Going to school through the Cișmigiu park

In the short time he was director general of the C.I.S., my father had to use the official car more often than usual. He had to get quickly from one of the buildings of the Institute, the one in Strada Brezoianu, across the Cișmigiu park, to the others, the headquarters in the Splaiul Unirii, or to the one in Șerban Vodă, where the Archives and the garage were lo- cated. The driver, the austere Mr. Chelu, showed up every morning at No. 7, Strada Dr. Lister and from then on my father would no longer walk me through the Cișmigiu park to school—which was on Strada Christian Tell (whose name jingled for a long time in my head like a tiny bell: cristiantel)—and send my brother to kindergarten by car, but he submit- ted instead to the grown-up discipline of sullen, motorized efficiency.

When we walked together to school, the amusements that my father invented were not few. These were the years in which we ate maize mush in the morning, at noon, and in the evening. Maize mush with jam in the morning. Maize mush with potato stew or cooked beans at noon. Maize mush fried in fat or maize mush with milk in the evening. The left-over maize mush was wrapped every morning by my grandmother for us. We took it to the beavers and the deer in the Cișmigiu park, not far from the exit towards the Con- servatory. The beavers would hardly let them- selves be seen, busy as they were with their woodcutting on the small island on the pond. We would throw clumps of dry mush and watch to see how they got them. Where the deer were, there was a sour smell, from the neighbouring foxes. I would stretch out my hand with cold mush, their lips took it from me delicately, my father looking on.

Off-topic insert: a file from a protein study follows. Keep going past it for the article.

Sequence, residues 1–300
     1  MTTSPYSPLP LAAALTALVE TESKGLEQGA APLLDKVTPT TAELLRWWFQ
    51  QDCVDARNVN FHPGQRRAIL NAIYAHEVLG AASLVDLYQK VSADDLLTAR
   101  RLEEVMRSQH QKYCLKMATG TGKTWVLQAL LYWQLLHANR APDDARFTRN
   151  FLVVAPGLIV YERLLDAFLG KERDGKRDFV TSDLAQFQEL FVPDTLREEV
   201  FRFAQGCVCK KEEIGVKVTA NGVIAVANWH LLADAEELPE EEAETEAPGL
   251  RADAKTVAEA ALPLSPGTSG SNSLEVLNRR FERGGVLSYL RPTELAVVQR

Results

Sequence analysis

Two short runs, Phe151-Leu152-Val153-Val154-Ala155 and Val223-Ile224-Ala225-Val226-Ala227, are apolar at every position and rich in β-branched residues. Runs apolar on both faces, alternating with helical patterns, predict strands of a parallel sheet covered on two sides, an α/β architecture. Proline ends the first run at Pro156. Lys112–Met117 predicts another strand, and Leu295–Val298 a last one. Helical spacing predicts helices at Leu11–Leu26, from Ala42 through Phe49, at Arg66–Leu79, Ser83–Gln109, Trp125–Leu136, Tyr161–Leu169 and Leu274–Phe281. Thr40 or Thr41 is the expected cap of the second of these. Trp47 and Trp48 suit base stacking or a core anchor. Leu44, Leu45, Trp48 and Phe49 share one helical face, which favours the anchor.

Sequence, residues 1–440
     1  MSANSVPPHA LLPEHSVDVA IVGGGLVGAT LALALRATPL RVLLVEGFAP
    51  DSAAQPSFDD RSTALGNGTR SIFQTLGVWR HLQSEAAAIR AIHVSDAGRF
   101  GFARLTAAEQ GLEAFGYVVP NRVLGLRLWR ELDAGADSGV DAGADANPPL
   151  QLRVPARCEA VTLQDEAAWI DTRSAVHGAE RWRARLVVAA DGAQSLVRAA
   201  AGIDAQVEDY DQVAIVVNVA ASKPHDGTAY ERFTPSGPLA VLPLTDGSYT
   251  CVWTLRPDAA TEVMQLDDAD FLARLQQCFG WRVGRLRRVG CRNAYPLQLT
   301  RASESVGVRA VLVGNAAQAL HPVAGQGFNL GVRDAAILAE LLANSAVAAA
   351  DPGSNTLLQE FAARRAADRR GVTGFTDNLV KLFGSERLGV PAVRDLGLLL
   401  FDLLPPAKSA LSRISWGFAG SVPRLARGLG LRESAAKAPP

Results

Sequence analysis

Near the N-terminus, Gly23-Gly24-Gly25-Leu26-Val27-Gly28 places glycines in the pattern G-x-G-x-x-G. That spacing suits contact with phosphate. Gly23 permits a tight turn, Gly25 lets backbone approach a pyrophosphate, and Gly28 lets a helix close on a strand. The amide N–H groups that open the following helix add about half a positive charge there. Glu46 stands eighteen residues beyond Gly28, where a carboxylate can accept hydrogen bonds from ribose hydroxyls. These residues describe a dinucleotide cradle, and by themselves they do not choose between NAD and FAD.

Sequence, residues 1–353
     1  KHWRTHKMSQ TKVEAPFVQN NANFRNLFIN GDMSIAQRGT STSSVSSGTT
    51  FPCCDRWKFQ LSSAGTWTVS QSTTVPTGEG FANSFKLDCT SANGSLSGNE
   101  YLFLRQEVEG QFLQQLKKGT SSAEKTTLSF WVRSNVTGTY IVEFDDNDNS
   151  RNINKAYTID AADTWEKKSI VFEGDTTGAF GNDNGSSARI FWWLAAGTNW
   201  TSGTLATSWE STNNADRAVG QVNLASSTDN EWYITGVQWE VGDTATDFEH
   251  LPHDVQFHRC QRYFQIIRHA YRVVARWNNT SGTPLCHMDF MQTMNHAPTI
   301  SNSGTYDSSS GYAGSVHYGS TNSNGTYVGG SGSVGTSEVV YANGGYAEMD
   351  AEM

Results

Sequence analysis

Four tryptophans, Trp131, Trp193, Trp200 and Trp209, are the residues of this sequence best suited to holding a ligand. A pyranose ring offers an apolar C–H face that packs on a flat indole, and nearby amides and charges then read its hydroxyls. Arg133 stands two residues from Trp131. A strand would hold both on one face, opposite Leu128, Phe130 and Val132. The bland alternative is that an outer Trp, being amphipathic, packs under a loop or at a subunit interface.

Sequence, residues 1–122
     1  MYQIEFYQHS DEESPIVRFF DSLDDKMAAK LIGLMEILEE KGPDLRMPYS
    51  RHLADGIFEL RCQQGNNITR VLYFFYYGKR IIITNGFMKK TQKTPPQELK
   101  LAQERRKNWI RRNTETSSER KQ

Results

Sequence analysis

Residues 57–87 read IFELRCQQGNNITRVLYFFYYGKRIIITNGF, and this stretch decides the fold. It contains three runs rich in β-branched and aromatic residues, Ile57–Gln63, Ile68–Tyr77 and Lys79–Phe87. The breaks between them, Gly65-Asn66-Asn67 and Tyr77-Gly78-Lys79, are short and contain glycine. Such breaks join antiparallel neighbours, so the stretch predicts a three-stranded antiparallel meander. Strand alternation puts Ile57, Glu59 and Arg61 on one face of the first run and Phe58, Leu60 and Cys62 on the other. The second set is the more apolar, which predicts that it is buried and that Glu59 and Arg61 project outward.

To get to Cișmigiu we would cross the Elefterie bridge, leaving the Dâmbovița river to our right. On the Dâmbovița quay, more precisely on the slope leading to the muddy water, poppy flowers were growing, and we would talk about the probable number of petals; for me every flower had at least five, four said my father, five I would insist with conviction. I remember how I once saw him jump with ease over the metallic fence and run down the slope, he stumbled a little, reaching for a poppy that I could make out round and full and most certainly having lots of petals. He came back triumphantly, there were four, all crumpled on top of each other. That is how I learned that common poppies, unlike the double ones, indeed have only four petals.

We walked on Bulevardul 6 Martie to Piața Kogălniceanu. Entering the park by the rose alley, right after the Lazăr High School, we would look at the statues of writers. Then we went out by the Conservatory exit, where in springtime an elegant little tree blossomed in pink, crêpe-paper tassels. I remember how once, seeing that I was pining for them, my fa- ther broke off a twig and offered it to me. It had been a royal gift, he had assumed a serious risk, I thought, by breaking off a branch from a tree that was not ours, and, ever since, each time I pass by that place (where the tree lives on and probably blossoms just as wondrously), I remember the joy and terrified pride I felt one far-gone spring. He had won, in one second, my life-long devotion.